On Wednesday, Paris-based auction house Artcurial held its Old Masters and 19th Century Art sale led by auctioneer Matthieu Fournier, bringing in a total of €5.7 million ($6.8 million), 46 percent above the pre-sale estimate of €3.9 million, though it saw only a 65 percent sell-through rate, with some high-value old masters failed to spur interest among bidders.
Leading the sale results was a a record-setting 16th-century painting of the Penitent Magdalene by Leonardo student and confidante Gian Giacomo Caprotti, also known as Salaì. An American collector won the piece for a final price of €1.7 million ($2.1 million) with buyer’s fees, well above its estimate of €100,000-€150,000.
The rediscovered painting, depicting a nude Mary Magdalene, posed in a devotional gesture against a stark black background, is one of only several works in existence with attribution to the artist. Examined by scholar Cristina Geddo ahead of Artcurial’s sale, the painting is just the second work by Salai to enter the auction market. The sale price marks a 220 percent increase over the artist’s previous record of $656,000, made in January 2007 at Sotheby’s for the sale of his Head of Christ, dated 1511, a painting believed to have been made after da Vinci’s Salvator Mundi. That work also sold above its estimate of $350,000–$450,000. It now resides at the Pinacoteca Ambrosiana in Milan, where it was gifted by the 2007 buyer.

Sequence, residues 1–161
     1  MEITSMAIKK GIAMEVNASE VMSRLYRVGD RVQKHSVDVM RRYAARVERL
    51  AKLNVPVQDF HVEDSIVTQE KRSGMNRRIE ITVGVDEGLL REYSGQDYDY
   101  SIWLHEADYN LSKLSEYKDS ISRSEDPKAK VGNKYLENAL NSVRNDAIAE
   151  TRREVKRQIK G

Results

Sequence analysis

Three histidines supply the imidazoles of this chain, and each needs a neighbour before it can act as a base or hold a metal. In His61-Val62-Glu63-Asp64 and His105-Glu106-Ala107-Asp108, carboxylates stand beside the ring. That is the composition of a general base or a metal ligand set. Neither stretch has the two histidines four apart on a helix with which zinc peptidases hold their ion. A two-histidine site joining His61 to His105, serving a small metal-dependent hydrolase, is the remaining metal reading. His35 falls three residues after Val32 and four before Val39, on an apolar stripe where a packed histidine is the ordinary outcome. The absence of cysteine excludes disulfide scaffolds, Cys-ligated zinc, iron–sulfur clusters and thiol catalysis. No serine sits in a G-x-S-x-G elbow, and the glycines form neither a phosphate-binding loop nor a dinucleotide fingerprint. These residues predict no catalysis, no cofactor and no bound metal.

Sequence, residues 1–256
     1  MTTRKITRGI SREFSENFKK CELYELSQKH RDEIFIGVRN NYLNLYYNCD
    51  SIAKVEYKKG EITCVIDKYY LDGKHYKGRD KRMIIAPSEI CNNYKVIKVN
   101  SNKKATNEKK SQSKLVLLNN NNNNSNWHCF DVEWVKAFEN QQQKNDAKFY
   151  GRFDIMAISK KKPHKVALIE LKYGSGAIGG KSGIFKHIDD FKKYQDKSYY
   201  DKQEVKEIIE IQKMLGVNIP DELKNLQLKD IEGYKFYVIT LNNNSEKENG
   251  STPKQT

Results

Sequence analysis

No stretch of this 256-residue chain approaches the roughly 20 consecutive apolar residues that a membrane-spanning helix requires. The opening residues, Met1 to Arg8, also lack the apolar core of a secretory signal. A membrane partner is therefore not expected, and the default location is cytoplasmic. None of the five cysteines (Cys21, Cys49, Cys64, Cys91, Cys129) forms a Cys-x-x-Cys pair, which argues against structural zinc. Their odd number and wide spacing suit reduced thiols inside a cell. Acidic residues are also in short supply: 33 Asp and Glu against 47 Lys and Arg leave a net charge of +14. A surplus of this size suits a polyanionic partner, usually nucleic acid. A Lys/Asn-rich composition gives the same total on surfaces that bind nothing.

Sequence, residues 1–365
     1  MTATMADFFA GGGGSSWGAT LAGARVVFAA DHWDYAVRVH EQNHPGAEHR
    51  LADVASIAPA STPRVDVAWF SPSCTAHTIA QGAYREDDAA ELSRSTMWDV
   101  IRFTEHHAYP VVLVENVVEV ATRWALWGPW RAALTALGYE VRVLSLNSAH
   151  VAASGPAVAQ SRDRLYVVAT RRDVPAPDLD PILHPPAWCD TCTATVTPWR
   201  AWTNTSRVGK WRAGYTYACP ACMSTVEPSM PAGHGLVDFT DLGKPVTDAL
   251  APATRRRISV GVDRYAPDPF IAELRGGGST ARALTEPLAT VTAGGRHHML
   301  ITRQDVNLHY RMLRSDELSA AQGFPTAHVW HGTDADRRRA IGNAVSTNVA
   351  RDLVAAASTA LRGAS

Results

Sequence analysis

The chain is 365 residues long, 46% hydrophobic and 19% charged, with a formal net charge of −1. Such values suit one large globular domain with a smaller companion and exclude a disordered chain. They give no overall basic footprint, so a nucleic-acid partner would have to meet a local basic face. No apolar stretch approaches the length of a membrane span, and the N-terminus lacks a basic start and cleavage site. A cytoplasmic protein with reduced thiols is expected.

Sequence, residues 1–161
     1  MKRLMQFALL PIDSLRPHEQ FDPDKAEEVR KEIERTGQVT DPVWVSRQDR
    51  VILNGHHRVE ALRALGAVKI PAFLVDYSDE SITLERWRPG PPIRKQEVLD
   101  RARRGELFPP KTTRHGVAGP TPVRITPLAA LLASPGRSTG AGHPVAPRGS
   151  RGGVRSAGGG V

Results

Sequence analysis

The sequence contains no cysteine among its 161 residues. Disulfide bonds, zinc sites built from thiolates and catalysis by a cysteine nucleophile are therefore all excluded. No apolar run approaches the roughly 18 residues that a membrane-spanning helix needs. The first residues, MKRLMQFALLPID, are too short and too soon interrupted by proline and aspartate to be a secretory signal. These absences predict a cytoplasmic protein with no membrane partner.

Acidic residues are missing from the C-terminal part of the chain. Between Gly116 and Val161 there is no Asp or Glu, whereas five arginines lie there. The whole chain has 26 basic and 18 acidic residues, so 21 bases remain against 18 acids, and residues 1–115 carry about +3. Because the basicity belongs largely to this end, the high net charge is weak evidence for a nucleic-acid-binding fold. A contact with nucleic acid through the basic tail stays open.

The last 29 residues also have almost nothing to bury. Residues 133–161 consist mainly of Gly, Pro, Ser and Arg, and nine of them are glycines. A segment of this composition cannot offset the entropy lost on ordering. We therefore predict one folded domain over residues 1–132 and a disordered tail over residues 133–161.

Though the Magdalene sale was a success, others offered at top prices failed to finds buyers, including German old master Melchoir Feselen’s Judith and Holofernes priced at €400,000-€600,000, along with Spanish painter Jusepe Ribera’s recently attributed (and slightly damaged) portrait of Saint Andrew from a Serbia collection, estimated at €80,000-120,000.
Elsewhere in the sale, Jean-François Millet’s seascape, Barque de pêche, sold for €505,5000 ($600,950) to a European collector against an estimate of $400,00–$600,000. Pourquoi naître esclave (Why born enslaved?), a portrait of a woman by French artist Jean-Baptiste Carpeaux and formerly owned by French prints and drawings collector Gabriel Cognacq before its sale in the 1950s was among the high sellers. It went for €306,600 ($364,854) with buyer’s fees to an Asian collector, a factor of 5 times its estimate of €60,000.
Another top seller coming to the market for the first time was Antwerp painter Marten van Cleve’s 16th century village scene, sold from a private Belgian collection for €143,00, against an estimate of €120,000-€180,000. Dutch painter Abraham Bisschop’s large-scale painting, Peacocks and other fowl in a garden with a stone urn, was one of the works on offer in the sale re-traded on the market several times. In 1995, the work made $140,000 at Sotheby’s New York, going for well past the estimate of $50,000, but sold at Artcurial for less than half that price at €57,200 ($67,735), within the estimate of €40,000-60,000.
Most other works that found buyers sold for prices near the low pre-sale estimate. An oil painting of a haloed Virgin Mary on copper attributed to a French or Italian School painter from the early 17th century sold for €36,400 with buyer’s fee against an estimate of €30,000. A Netherlands, early 16th century triptych depicting the three scenes: The Lamentation of Christ, Saint Peter and a donor, and Saint Catherine and a donor, went for €23,400, hammering below its low estimate of €20,000.